1965 Ford Mustang Shelby 5R002 'Flying Mustang'

‘The Flying Mustang’ Shelby GT350R Is Up Grabs, Coming To Mecum’s Indy Auction

Mecum Auctions made worldwide news earlier this year with the sale of a famous 1960s Mustang that lept through the air and into hearts of muscle car and film fans the world over. But Bullitt isn’t the only classic pony known for having all four wheels leave the ground while under heavy throttle.

Today, at the start of their Glendale, Arizona auction, the company broke news they’ll be handling the sale of another famous leaping Mustang – the 1965 Shelby GT350R Prototype 5R002. The white and blue icon is known simply as the ‘Flying Mustang’ and will be heading to the upcoming 33rd annual Original Spring Classic, held in May at the Indiana State Fairgrounds, in Indianapolis.

Flying High

The car was driven by talented wrencher and wheelman, Ken Miles, at Green Valley Raceway on February 14th, 1965 and marked the first time any Shelby Mustang was entered into a competitive event. There on a chilly morning, he took first place.

In the process, a photographer snapped an image of the car mid-air, frozen in flight. The pic sparked the vehicle’s distinct nickname of ‘The Flying Mustang’. Seeing the sky-high potential, Shelby rolled out a robust marketing campaign around the visuals, proclaiming, ‘See, our Mustangs really fly!’

The car bears the distinction of being the first GT350 R-model. It could be regularly seen in the air during competition. (Courtesy of Mecum)

Always A Racer

The car would go on to be used by teammate, Jerry Titus, who racked up additional wins at events in California and Arizona. It would also appear on the cover of the May 1965 issue of Road & Track and featured in several movies. In addition, it pulled duty as an engineering mule before being sold in March of 1966 to Bill Clawson, an engineer in the Ford Performance Division in Dearborn, Michigan.

The gearhead raced the car in locally in the Midwest before selling the ponycar to two enthusiasts in Texas. They continued to campaign the car before selling it to a new owner located in Monterrey, Mexico. He campaigned 5R002 for two years at which point he parked it on a trailer in a yard near his home. That’s where it sat until 1989 when it was discovered by Mark Gillette of Dallas, Texas.

The Mustang was meticulously restored to how it would have looked when racing at Green Valley Racing. (Photo by Matt Avery)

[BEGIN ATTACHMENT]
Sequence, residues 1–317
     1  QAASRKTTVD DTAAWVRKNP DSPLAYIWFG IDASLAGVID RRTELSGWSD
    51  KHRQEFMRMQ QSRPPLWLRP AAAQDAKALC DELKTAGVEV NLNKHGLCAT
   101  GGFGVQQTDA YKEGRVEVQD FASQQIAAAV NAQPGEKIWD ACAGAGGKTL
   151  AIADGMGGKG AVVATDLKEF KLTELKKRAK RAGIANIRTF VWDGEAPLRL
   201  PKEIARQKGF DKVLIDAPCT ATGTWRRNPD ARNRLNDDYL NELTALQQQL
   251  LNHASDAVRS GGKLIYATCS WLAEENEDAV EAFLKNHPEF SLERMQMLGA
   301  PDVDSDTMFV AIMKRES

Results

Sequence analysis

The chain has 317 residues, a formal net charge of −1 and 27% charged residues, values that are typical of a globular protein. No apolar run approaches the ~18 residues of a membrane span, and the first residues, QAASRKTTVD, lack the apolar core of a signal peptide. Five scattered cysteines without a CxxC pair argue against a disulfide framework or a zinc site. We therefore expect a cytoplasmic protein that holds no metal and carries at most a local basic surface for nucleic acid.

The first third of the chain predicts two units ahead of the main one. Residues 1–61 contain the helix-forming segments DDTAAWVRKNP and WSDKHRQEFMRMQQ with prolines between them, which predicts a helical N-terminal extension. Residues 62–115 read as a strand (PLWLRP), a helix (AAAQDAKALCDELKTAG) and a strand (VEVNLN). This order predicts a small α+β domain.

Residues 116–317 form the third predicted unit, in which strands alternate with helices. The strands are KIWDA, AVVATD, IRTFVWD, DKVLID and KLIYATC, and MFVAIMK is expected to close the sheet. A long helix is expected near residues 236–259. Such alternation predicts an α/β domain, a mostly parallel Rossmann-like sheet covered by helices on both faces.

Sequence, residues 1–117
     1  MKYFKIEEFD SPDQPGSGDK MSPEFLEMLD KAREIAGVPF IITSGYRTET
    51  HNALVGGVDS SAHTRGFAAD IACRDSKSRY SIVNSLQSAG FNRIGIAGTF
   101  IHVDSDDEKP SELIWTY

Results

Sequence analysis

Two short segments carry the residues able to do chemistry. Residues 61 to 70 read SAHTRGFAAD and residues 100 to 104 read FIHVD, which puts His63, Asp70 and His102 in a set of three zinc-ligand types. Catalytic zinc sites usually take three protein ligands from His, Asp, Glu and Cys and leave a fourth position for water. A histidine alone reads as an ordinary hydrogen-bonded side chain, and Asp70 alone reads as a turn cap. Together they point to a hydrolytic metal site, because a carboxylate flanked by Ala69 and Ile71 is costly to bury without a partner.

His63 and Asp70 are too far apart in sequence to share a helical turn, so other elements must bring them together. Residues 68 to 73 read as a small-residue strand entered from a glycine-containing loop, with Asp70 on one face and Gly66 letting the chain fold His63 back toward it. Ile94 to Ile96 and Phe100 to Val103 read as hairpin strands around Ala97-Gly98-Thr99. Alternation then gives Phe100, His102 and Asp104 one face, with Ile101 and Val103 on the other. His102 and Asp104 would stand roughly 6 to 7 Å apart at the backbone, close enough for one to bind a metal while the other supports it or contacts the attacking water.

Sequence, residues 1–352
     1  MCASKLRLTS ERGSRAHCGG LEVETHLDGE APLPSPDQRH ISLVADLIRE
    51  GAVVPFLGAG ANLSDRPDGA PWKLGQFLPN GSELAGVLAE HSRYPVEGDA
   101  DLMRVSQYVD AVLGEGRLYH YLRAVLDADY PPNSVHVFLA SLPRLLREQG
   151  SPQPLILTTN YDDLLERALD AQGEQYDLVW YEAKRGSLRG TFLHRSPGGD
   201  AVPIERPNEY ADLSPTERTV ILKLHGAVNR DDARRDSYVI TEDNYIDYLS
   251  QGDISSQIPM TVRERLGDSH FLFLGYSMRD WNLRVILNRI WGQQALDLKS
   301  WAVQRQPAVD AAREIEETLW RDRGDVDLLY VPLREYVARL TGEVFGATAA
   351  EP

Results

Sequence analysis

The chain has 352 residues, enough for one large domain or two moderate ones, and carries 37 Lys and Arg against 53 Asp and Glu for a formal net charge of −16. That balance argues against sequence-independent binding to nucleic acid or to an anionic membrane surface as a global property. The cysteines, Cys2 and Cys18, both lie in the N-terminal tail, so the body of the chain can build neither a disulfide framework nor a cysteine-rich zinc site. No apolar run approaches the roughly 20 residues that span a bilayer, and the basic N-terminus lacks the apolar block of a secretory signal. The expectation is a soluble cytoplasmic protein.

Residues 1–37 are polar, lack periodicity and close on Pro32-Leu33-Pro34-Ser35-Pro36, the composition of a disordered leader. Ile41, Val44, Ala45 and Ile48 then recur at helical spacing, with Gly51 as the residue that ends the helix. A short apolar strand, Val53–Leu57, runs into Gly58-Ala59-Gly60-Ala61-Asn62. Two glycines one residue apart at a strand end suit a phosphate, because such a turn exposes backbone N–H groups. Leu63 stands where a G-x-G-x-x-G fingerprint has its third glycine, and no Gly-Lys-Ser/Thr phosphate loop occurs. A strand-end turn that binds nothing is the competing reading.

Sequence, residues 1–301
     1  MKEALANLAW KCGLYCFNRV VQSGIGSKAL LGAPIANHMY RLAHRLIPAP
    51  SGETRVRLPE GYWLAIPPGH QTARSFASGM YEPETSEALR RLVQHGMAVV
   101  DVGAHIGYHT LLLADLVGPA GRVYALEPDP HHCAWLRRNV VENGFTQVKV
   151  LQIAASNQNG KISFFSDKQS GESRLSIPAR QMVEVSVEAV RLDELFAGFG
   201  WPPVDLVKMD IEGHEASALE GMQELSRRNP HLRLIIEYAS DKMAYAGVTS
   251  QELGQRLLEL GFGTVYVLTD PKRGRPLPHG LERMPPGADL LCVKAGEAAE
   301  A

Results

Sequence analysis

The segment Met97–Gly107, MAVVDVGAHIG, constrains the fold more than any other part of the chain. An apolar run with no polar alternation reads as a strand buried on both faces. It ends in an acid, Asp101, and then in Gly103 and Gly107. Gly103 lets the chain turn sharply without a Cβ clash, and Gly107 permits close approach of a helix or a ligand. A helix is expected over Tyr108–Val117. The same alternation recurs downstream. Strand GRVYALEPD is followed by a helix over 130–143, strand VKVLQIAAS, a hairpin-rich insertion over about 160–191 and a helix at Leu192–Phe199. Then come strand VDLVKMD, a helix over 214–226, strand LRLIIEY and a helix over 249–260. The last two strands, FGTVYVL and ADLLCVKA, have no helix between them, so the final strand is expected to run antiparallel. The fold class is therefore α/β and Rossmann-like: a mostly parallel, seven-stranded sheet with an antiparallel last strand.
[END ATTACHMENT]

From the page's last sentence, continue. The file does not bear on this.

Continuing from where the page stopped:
After another prototype, 5R001, 34 more cars were built for customers. (Photo by Matt Avery)

The Terlingua Race Team

One of the unique pieces of the car’s livery are the fender badges, which sport yellow shields representing the Terlingua Race Team. In the early 1960s, Carroll Shelby and another friend came to own a small piece of property called Terlingua, located in southwest Texas. Not much was there in the dusty, dry patch of land but the pair flew down regularly to blow off steam, hunting and riding dirt bikes in the open country.

The fenders wear livery from the Terlingua Race Team, which

To have the area become more organized, the guys started forming building blocks of a community and even had a logo designed for the Terlingua City Council coat of arms. Shelby liked the final product, which featured a rabbit and desert sun. He wanted to use it in some fashion for racing and figured a faux Terlingua Race Team was just the ticket. With the recent development of the GT350R, the shield was applied to the fenders of 5R002 just in time for the debut at the Green Valley Raceway. From it, the logo made it’s way to other Shelby vehicles as well as other racecars.

Besides the unique shield, the car sports the iconic Shelby blue stripes. (Photo by Matt Avery)

The Road Back Home

Mark purchased the car and brought it back stateside only to quickly sell it to Steve Volk, who showed the car at the Shelby American Museum in Boulder, Colorado, in “as found” condition. It’d remained there for the next fourteen years.

In 2010, Volk sold the car to Shelby collector John Atzbach, who showed the vehicle before commissioning a full restoration, performed by Thoroughbred Restorations in Oklahoma City, Oklahoma.

The final piece debuted at the 2014 Amelia Island Concours on the occasion of the Mustang’s 50th anniversary. It’s continued to be shown around the country, including at the 2016 Muscle Car and Corvette Nationals, and was even driven around the Laguna Seca raceway for a recent Rolex promotion.

Dana Mecum made the news of the upcoming sale during a live television presentation. (Photo by Matt Avery)

Off To Mecum Indy

News broke this morning that the car will jump once again, this time not off a racetrack but to Mecum’s upcoming 2020 Indy block. There, like the Bullitt Mustang before it, 5R002 will cross and go home to a new owner. During the televised announcement, Dana Mecum proclaimed if there was a Mustang to break the Bullitt Mustang record, it would be this one. That icon sold at Mecum’s 2020 Kissimmee auction for $3.74 million.

According to Dana, this landmark prototype racer opened the door for all of Shelby’s race efforts as well as creating other vehicles like the 1967 Shelby GT500 Super Snake.

After thundering to live from an enclosed tent, the Shelby roared to center stage. (Photo by Matt Avery)
The news was made on the Mecum auction block in the State Farm Stadium, in Glendale, Arizona. (Photo by Matt Avery)